Can Colorado State University help me figure out why my chickens are dying?

Asked August 11, 2013, 9:09 PM EDT

As title states, I was wondering if an Extension office could help figure out why my birds are dying. I have had chickens for 5 years now, and just this year we lost many, some old some young as far as their years go, to unexpected death.

Mesa County Colorado

6 Responses

Yes, I will try to help. I need some detailed information in order to help figure this problem out, such as what symptoms the birds had before death, what time frame this happened, and any changes that occurred with the birds (nutritional changes and so on).

The best help you could have is to get the birds to a diagnostic lab so they could test to see what the actual cause might be. But that is not always possible.

If you send me as many details as you can, I might be able to help.

All the birds that have passed had a case of pasty butt and were very weak in getting around. The symptoms come on slowly, and the birds just don't seem to get better. The current sick bird walks with her neck down as though she is tucking it into her shoulders. The birds' food is not moldy as we let it run out completely before adding new food to the bin it is stored in. The only change I can think of is that we went to cracked corn from scratch grain. If I can think of anything else, I will post it as well. Hope some of this info helps.

I forgot the time frame. This has happened just this year from about 2 to 3 months ago to now. The flock of birds gets to free-range around the yard daily and have water feeders in their scratch area, along with the grain and other foods we feed them.

You may wish to return to a full-feed program, with chicken feed appropriate for the birds you have. If laying hens, they will need a 16% crude protein and 3.5% calcium diet. Scratch grains are a great treat, but should not be the main food. They are all carbs and contain none of the amino acids the birds need.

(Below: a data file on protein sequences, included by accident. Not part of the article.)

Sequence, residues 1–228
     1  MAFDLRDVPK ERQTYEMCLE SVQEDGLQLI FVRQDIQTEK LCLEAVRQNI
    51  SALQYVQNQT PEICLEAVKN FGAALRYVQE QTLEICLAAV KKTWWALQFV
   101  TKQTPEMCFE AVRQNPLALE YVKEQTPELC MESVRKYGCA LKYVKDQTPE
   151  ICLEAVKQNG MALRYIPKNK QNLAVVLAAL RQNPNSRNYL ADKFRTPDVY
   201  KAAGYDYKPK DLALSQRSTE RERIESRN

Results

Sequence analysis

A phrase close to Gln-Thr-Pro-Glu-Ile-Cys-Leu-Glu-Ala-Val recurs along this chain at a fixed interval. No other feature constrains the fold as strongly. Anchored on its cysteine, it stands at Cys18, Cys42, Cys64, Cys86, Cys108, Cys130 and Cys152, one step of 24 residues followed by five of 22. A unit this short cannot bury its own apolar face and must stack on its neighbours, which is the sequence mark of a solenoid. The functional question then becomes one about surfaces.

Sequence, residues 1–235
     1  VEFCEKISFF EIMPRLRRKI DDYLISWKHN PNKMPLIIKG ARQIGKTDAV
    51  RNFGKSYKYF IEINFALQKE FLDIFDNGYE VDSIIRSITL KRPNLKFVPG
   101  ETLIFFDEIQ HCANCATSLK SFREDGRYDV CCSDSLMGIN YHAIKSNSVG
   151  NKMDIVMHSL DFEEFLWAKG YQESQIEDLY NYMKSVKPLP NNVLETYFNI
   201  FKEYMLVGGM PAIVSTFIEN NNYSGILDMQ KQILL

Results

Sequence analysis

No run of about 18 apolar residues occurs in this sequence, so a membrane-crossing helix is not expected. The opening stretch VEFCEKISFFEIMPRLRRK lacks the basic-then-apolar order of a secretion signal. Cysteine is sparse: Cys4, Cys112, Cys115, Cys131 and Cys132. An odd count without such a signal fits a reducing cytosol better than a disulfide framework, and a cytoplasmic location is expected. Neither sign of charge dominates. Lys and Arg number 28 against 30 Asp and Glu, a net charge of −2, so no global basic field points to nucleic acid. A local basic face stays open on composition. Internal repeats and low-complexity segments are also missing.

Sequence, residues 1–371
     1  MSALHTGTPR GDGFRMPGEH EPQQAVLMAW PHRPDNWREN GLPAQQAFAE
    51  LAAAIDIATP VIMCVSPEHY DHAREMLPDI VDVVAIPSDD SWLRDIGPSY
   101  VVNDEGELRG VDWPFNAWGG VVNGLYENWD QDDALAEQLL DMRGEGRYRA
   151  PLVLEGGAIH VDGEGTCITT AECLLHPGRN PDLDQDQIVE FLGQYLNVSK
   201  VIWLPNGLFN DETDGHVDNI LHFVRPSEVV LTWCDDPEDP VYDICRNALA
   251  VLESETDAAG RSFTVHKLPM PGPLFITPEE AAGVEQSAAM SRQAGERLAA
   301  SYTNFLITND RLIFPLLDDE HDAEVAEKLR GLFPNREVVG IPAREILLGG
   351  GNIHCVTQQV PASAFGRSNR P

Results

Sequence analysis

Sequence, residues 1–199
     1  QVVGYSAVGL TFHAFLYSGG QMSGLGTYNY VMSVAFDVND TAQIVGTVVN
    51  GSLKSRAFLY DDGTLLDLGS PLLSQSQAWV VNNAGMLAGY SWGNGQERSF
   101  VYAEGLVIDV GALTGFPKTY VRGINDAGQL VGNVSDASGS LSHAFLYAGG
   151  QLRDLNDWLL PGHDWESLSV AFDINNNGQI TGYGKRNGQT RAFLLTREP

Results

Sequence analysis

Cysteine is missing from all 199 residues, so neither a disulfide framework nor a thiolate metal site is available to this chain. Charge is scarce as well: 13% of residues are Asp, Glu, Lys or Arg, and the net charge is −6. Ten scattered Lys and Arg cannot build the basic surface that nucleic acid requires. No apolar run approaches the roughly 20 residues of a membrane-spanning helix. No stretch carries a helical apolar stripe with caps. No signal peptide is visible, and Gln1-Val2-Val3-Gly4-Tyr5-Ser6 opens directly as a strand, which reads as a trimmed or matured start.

Separate any sick birds from healthy ones, and visit the sick birds at the end of the day so that afterward you can change clothes and wash your boots. Place any dead birds in an ice chest (do not freeze) to bring them to a diagnostic lab. For info on submission contact:

Fort Collins Veterinary Diagnostic Laboratory
300 West Drake Road
Fort Collins, CO 80526

Phone:​(970) 297-1281
Fax:​(970) 297-0320

Thank you both for the responses. They are greatly appreciated. Is there a lab in Grand Junction that I could take a dead bird to? I know we have a bunch of extension offices in the valley here, but I'm not sure what services they offer.

I suggest you contact the Fort Collins lab and ask them. They would know if there are other labs in the state.

Fort Collins Veterinary Diagnostic Laboratory
300 West Drake Road
Fort Collins, CO 80526

Phone:​(970) 297-1281
Fax:​(970) 297-0320